Two Basic Types of Caulk
There are two basic types of caulks in use today: water based and non-water based. Each type has distinct advantages and disadvantages. Within each grouping, as you might imagine, there are various sub-groupings.
One thing the two basic types do have in common, however, is the fact that chemically speaking, they are closely related to adhesives. This makes sense when you think about it, as the caulks usually are quite sticky when you apply them. Also, when you select the right caulk and apply it properly, it has a tendency to stick to the item you apply it to for quite some time. In fact, some caulks are formulated to be more of an adhesive than a caulk. My guess is that you have seen tubes of “adhesive caulk”.
Water Based Caulks
The latex caulks that many of us are familiar with use water as a basic ingredient. The presence of water in the caulk is an advantage if you are interested in clean-up and workability. It is a disadvantage if you are looking for extremely long life.
Often, these caulks have primary ingredients, which add to their flexibility. Commonly, latex (basically synthetic rubber) and acrylics (highly flexible plastics) are found in these caulks. Once again, my guess is that acrylic, latex caulk rings a bell with you. Caulks need flexibility, as they are intended to bridge gaps between things that commonly move.
Silicone can be added to a water based caulk in small amounts. By doing this, the flexibility of the caulk is increased. These are the caulks you frequently see advertised as siliconized acrylic latex caulks .
Caulking technology has created specific water based caulks for specific jobs. This is a distinct advantage. The caulks have been formulated to give you maximum performance depending upon the job you are going to undertake. Almost every manufacturer clearly prints on the caulk tube label just what that caulk will caulk best. I highly recommend that you read the labels first before buying them and using them. This will ensure maximum performance and satisfaction on your part. Try to break the habit of reading the label after a problem has developed!
Non-Water Based Caulks
There are several widely used non-water based caulks. However, most homeowners are only familiar with one of these, that being silicone. The other two widely used caulks in this group are urethane and elastomeric caulks.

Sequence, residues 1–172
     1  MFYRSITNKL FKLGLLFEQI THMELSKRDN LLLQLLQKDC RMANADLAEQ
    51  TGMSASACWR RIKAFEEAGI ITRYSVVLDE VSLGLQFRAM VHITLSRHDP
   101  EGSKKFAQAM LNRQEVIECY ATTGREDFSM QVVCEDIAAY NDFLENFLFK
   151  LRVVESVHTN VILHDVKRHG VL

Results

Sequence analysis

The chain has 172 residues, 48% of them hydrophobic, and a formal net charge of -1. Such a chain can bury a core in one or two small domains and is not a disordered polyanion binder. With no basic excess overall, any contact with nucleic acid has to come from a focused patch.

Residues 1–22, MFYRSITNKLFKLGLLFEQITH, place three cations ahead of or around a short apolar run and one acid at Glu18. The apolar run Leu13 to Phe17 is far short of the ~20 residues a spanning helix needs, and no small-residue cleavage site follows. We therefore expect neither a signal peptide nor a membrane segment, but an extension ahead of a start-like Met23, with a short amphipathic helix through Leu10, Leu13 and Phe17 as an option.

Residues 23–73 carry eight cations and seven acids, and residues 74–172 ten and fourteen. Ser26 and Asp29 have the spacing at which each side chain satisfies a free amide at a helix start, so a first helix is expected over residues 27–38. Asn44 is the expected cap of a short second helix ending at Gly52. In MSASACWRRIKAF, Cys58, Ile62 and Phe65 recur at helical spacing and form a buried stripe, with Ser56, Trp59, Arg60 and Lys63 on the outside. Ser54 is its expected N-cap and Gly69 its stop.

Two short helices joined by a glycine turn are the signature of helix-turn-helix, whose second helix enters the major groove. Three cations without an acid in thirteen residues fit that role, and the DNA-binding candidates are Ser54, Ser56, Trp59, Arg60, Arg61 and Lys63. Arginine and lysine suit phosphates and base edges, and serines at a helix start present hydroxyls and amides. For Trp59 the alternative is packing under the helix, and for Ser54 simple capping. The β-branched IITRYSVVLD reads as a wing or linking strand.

Silicone caulk has won widespread acceptance by many homeowners. However, it can be difficult to apply. Some silicones can cure quite rapidly, making for messy application jobs. Also, because they stick sowell to many non-porous objects, removing excess silicone can be difficult. Virtually everyone knows that paint will not adhere to pure silicone caulks. Well guess what? In many cases, silicone caulk will not adhere to previously applied silicone! This means that your first application must be your last. You have to get it right the first time!
Urethane caulks have been used by commercial builders for years. These caulks offer unbelievable flexibility. Some of these caulks can withstand up to 50 percent movement in the caulked joint! These caulks are difficult to work with, however the work is well worth it in many cases. Often you need to use solvents, such as mineral spirits or lacquer thinner to tool the joints. I have used caulks like this to caulk expansion joints in masonry with tremendous success.
Elastomeric caulks are non-water based caulks which have both interior and exterior applications. They tend to exhibit more adhesive type qualities. For the most part, they are not nearly as flexible as the urethane caulks. Tooling and cleanup require the use of solvents, just the same as the silicones and urethanes.
Because the non-water based caulks are tougher to work with, they must offer something in return. These caulks offer superior durability, flexibility and adhesive strength unobtainable from the water based caulks. Many of the non-water based caulks cure quite rapidly. This allows them to come into contact with water soon after they are applied. This water rarely, if ever, harms the caulk.
It shouldn’t surprise you that the non-water based caulks are more expensive. The ingredients which give them their positive qualities simply cost more. Water, on the other hand, is very inexpensive.
When faced with that next caulk job remember to take your time. Think about how much time you are about to spend. The little extra money for a high quality caulk and the extra time spent applying it may pay huge dividends! Don’t always opt for the easy way out. Good luck on your next project! To see more on the please click———-> http://www.askthebuilder.com/B53_Caulks_and_Caulking_Techniques.shtml